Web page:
They held a soft opening for their new store over Memorial Day Weekend but it was “a far cry from the pre-pandemic planned pandemonium,” Laura Jordan noted. They recruited locals who work in the tourist industry to send customers their way.

And now they’re partnering with local nonprofits, such as The Hunger Coalition and Mountain Humane, hoping to introduce more customers to their store while benefitting the charities at the same time. All they ask is that beneficiaries send out notices to supporters alerting them of sales.

Those who can’t make it to Friday’s sale in person can still have 20 percent of their purchase made online at www.scottevest.com donated to The Community Library by typing “Community Library” in the order notes at checkout.

“The Gold Mine, which benefits the Community Library is dear to our heart as for many years it’s the only place you could buy SCOTTeVESTs in the valley,” said Scott Jordan. “We’re trying to give back to the community and, selfishly, get traffic to our business at the same time.”

Carter Hedberg, the library’s director of Philanthropy, is thrilled that the library is the beneficiary of Friday’s sales.

“It’s a great way for them to celebrate their commitment to the community and we’re honored that they’ve chosen the library for this round,” he said. “We reopened the library as soon as we could because we wanted to provide access to computers, particularly for those out of work.

“We’re seeing about 80 percent of the patrons we did last summer. We’ve been able to use the outdoor spaces that we had just finished to extend the library to have outdoor programs featuring poet Richard Blanco and Hemingway author Phil Huss.  And we’ve been pleased to find that so many of the things we incorporated in our renovation, such as the self-checkout system and the book kenneling system, are coming in handy during COVID.”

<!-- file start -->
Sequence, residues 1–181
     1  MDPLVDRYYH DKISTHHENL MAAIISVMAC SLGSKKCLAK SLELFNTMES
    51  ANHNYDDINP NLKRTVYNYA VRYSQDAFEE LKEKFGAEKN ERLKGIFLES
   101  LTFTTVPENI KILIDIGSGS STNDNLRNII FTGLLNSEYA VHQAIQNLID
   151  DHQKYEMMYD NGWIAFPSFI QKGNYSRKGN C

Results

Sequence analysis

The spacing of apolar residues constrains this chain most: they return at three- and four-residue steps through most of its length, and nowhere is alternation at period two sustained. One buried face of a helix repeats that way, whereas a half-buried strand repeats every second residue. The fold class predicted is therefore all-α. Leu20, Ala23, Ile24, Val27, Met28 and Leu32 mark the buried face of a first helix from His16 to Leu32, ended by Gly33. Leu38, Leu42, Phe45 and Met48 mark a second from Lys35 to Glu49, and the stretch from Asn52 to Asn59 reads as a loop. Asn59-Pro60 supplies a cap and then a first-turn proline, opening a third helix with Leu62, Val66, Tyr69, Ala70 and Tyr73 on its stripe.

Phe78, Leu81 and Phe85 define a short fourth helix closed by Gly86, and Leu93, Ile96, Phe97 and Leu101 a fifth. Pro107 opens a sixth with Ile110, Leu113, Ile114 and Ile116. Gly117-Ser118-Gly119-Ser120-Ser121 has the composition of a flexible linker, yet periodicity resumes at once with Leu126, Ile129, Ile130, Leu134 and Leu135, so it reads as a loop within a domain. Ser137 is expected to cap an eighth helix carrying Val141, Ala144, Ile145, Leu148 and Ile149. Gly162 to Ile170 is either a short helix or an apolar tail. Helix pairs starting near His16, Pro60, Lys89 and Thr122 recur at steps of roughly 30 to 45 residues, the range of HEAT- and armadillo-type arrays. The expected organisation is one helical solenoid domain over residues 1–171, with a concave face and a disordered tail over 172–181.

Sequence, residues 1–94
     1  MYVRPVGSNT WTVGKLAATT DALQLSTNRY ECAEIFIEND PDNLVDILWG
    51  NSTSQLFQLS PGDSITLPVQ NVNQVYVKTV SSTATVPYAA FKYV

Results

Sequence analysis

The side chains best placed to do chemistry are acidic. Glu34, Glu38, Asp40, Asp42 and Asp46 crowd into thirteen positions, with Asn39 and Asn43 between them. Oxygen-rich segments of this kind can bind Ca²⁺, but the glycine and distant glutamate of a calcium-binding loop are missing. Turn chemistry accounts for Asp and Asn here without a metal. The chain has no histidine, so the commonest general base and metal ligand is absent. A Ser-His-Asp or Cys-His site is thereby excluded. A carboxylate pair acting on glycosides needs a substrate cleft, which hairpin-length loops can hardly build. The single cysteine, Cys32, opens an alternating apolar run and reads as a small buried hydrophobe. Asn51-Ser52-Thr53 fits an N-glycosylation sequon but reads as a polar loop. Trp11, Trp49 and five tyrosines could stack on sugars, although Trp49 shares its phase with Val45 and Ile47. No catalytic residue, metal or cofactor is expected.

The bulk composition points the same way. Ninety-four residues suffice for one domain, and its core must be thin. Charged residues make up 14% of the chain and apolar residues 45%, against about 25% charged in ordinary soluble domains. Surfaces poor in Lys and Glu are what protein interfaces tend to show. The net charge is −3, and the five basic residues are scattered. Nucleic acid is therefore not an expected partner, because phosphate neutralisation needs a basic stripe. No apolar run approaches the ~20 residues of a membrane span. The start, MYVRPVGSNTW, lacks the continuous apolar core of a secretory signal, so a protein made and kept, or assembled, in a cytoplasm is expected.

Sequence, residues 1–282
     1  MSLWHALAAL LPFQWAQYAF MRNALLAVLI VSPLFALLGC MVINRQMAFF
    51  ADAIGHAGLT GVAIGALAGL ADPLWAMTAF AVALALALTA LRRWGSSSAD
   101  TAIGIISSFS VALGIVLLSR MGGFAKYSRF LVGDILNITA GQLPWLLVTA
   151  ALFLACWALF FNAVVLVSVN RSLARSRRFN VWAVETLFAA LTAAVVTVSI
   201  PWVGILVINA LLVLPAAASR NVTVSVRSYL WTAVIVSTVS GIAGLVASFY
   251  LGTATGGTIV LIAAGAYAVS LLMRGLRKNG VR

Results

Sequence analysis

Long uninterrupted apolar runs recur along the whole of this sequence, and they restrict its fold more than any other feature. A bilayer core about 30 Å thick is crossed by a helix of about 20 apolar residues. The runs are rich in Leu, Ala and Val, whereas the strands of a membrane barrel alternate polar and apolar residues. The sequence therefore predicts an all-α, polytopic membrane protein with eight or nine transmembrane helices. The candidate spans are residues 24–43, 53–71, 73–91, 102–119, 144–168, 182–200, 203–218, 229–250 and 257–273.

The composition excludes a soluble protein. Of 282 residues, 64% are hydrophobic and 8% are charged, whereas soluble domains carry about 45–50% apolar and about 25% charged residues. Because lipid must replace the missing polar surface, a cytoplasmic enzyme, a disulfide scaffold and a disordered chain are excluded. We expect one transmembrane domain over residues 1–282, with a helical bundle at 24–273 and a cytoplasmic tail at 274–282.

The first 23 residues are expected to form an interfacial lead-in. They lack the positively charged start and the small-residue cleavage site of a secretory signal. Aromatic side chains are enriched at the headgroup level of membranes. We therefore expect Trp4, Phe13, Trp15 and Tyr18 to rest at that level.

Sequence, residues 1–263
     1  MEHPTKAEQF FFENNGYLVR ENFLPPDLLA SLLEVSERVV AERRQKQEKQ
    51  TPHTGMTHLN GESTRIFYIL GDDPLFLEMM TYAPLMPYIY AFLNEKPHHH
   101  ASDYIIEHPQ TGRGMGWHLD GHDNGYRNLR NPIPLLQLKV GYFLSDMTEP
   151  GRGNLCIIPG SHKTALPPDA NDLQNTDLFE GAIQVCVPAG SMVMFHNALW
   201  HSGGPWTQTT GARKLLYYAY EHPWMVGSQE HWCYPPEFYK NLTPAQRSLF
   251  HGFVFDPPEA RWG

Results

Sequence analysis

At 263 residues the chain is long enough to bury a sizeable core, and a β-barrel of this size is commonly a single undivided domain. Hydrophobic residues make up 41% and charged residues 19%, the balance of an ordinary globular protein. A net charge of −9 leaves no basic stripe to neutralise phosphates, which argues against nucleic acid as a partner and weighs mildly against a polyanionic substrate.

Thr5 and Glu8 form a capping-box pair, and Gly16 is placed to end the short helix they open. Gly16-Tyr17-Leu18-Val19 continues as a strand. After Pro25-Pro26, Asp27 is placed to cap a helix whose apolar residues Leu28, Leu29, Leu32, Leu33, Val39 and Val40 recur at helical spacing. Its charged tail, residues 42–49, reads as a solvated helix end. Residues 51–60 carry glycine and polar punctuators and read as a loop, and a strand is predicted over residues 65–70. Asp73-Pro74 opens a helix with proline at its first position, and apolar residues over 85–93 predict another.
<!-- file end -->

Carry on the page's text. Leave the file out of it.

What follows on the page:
Laura Jordan says many people would be surprised to know that SCOTTeVEST’s inventory has expanded beyond the vests it was known for in its early days to include dress clothing, blouses and skirts. Everything has one thing in common--even pajamas and underwear feature pockets for cell phone, sunglasses, wallets and keys.

In addition to holding sales to benefit nonprofit organizations, the Jordans want to open their multi-level building up to different groups who might want to use it for fundraisers or other events.

SCOTTeVEST occupies the lower floors with a playground for the dogs, gym and more. Their dream apartment occupies on the top floor with a gallery for photos of standard poodles and climbing wall on the stairs. Fountains, telescopes, hot tubs and more occupy outdoor patios and the rooftop.

The Jordans have already opened their rooftop to Gather Yoga while that business was awaiting a permit to hold yoga in the park.

The building itself features environmentally friendly Trombe walls with small portholes that regulate the temperature so energy costs are almost insignificant. Bathrooms feature black quartz and white quartz.

“We just want to make it available to different organizations, even businesses,” said Scott Jordan. “As you can tell, you could hold a socially distanced event for up to 200 with 50 people on one floor and others spread out throughout the building.”